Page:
A typical I18N logging usage is as follows:

   public static final Logger LOG = LoggerFactory.getLogger(MyClass.class);
   LOG.debug("my-bundle-key", name, count);
   catch (Exception e)
      LOG.warn(e, "my-error-key", name);

The above shows two distinct logging features. The first is the fact that you log an I18N message specified by the bundle key, as opposed to the actual message itself. This works the same way as the Msg API. The second feature is the logging of a message that is associated with a particular exception. Notice that the exception must come as the argument before the message key string (this is due to the nature of how varargs are parsed - putting the exception last in the argument list, as is the case with most other logging frameworks, would cause only the exception message to be logged and not its full stack trace. This can be considered a feature in and of itself; if you know you have an exception that you would never want to have its stack trace dumped in the log, put it in the variable arguments list so it is treated like any other object, that is, its toString() value will be the only thing logged).

There are additional features that i18nlog adds to its logging framework. The first is the ability to tell Logger not to dump stack traces of exceptions even if the exception was logged using the exception log methods (there is one for each log level). This is useful if you wish to run your app in a slightly quieter mode - you might not care to see all the exception stack traces during a particular run. Note that this feature cannot turn off stack dumps for exceptions logged at the FATAL level - fatal exceptions logged with that method always have their stack traces dumped. Read the API docs on the Logger class to learn more about how to enable and disable this feature.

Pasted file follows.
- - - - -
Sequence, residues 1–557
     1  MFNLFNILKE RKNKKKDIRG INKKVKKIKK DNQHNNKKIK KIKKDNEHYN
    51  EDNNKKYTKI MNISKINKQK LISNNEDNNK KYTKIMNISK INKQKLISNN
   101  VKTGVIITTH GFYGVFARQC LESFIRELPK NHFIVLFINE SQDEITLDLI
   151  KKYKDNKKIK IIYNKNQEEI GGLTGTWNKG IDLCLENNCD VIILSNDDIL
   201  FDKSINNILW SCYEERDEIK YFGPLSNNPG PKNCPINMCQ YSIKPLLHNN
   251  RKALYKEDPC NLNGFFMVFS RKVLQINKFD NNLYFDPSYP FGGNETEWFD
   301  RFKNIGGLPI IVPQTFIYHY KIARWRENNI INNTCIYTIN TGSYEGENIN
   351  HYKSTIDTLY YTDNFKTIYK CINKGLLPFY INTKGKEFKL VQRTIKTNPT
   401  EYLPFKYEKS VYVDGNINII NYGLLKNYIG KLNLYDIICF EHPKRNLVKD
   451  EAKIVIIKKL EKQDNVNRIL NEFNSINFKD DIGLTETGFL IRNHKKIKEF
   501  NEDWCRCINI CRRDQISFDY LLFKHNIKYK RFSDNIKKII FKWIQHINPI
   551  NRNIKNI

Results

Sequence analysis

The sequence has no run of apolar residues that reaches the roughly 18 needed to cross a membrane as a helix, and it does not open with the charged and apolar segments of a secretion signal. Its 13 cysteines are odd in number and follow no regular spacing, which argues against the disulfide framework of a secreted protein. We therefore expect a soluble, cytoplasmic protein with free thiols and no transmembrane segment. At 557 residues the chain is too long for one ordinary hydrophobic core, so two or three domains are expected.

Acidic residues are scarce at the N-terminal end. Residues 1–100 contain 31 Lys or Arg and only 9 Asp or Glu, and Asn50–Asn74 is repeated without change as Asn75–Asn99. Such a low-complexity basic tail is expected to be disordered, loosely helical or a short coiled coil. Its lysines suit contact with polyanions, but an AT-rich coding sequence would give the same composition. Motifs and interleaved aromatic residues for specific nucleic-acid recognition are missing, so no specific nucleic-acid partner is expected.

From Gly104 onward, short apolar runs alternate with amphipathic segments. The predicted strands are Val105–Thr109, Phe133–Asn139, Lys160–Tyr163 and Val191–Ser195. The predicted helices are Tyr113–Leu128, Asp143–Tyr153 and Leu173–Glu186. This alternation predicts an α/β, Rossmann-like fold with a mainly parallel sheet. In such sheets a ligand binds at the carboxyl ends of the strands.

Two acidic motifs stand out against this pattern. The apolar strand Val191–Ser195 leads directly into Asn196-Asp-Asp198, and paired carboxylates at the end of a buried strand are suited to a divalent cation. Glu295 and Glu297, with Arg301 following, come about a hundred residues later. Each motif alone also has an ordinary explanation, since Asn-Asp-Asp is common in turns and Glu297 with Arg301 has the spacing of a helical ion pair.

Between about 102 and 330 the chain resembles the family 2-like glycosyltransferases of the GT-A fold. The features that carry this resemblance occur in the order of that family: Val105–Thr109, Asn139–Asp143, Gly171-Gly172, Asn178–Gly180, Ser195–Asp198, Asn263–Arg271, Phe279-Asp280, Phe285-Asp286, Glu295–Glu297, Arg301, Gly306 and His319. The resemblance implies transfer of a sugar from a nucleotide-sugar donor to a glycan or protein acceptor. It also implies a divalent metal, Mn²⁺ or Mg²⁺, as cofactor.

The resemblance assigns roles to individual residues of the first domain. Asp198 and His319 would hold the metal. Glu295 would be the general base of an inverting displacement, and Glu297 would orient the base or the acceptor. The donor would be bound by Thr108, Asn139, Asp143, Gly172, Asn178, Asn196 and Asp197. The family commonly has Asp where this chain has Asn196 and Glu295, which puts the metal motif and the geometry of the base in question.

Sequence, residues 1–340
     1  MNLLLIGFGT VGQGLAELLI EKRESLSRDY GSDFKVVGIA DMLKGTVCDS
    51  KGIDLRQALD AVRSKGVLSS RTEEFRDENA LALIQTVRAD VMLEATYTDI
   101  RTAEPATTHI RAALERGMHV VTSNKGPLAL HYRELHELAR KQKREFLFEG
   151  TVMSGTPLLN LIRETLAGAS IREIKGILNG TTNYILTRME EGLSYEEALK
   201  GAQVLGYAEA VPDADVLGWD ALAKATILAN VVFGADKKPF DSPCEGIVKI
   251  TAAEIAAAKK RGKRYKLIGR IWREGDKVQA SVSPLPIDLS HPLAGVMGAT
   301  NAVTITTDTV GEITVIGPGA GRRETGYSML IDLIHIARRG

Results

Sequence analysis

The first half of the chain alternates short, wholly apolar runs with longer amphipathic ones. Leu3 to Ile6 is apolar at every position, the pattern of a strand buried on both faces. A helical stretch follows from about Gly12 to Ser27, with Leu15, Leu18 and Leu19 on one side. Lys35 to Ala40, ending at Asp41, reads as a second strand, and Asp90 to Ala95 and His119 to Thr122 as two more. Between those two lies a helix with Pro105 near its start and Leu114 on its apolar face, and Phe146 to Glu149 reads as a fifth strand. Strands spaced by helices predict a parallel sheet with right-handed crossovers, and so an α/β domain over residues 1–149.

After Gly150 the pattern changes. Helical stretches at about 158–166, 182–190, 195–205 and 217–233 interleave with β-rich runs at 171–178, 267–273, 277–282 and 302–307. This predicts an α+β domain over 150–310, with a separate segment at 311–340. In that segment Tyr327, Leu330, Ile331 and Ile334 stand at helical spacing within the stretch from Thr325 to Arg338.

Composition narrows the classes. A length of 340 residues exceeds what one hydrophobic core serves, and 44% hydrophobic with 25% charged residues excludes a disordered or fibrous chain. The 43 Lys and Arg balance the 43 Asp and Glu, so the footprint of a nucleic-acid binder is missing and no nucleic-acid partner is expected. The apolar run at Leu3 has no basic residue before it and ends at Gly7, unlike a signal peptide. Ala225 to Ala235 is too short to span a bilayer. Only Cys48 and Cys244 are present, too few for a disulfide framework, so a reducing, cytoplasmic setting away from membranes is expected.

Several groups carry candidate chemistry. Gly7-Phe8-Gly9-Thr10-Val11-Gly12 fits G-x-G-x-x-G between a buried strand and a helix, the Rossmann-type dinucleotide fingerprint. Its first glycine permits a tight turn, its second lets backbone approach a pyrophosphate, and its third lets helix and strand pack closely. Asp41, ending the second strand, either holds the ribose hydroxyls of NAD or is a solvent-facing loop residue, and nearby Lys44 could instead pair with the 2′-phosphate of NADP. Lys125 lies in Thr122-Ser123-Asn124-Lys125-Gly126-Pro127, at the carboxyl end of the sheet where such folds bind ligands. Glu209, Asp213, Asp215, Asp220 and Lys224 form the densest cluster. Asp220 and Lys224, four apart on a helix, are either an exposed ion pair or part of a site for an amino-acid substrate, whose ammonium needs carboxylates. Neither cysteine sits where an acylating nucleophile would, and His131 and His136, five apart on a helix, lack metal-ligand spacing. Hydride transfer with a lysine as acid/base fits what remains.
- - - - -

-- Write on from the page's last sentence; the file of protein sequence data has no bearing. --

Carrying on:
The second additional feature in the logging framework is the ability to log a message's associated resource bundle key along with the message itself. The resource bundle key is the same across all locales - so no matter what language the log messages are in, the keys will always be the same. This is useful if a user has set his log locale to a language that you cannot read and thus the log messages themselves are not useful. With the resource bundle key logged along with the message itself, you can use that key as the code to identify the message (you could then look up that code in your software documentation or in a resource bundle that contains the messages in your language). Read the API docs on the Logger class to learn more about how to enable and disable this feature.